The Essential Ebook Creation Methodology for New Inbound Marketers

Corey Wainwright
Corey Wainwright



typewriterWhen your inbound machine has been chugging along for a while, the prospect of creating the content you need to keep feeding that machine isn't so scary. For people new to executing the inbound marketing methodology, however, there are resource constraints that make the idea of content creation seem out of reach.

No time is this more common than when businesses set out to create their first lead generation ebook. Sure, you've got some blog content published, and you have a nice arrangement with your team and/or some freelance writers that you're confident will yield you a few blog posts a week. But to turn that blog traffic into leads, you need an ebook to use for the end-of-post call-to-action. And you need it now.

This methodology will help you get that much-needed ebook created quickly. When your machine is chugging along more smoothly and you start to see results, you can repeat this process and even amp it up with other resource investments. But if you're just getting started, focus on shipping something good.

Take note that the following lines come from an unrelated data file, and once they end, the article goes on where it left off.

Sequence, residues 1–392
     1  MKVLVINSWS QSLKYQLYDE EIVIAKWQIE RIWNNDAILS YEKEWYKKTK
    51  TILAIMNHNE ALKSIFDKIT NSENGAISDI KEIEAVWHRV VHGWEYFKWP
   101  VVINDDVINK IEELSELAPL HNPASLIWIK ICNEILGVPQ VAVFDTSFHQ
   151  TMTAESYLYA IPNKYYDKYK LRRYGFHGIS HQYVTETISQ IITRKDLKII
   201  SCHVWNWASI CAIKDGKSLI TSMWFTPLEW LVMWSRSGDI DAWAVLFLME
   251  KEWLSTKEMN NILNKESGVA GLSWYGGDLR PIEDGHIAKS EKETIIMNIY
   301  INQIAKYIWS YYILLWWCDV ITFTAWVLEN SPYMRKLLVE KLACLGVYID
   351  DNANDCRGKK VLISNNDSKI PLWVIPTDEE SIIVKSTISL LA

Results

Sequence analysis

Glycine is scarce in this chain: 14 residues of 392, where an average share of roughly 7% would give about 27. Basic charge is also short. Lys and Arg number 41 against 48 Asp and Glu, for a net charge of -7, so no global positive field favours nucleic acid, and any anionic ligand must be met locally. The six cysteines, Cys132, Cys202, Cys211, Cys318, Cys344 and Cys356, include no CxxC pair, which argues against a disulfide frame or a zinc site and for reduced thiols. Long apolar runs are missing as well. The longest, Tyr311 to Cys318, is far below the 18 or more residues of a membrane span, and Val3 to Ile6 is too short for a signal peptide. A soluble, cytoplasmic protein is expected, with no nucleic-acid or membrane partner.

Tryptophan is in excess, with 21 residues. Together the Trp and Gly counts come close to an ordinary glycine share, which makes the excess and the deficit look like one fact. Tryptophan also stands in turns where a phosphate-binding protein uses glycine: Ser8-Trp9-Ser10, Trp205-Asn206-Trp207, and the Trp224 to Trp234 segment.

Not perfect. Good. Remember: Perfection is the enemy of done. 

The Methodology That'll Get You Your First Lead Generation Ebook

Step 1: Establish the topic of your ebook and curate existing content around it.

The topic should be whatever you have the most content already written for on your website. For instance, we have far less content on our website about advertising than we have about, say, social media -- so it'd be wise for me to select social media as the topic of my next ebook, since that provides me the most existing content from which to draw.

To find the existing content that will help you create your ebook, perform a Google site:search of your website and/or blog, and see what content exists around the topic you've selected. (A site:search is a way of searching your entire website for content about a certain keyword; if you don't know how to do this, read this instructional blog post.)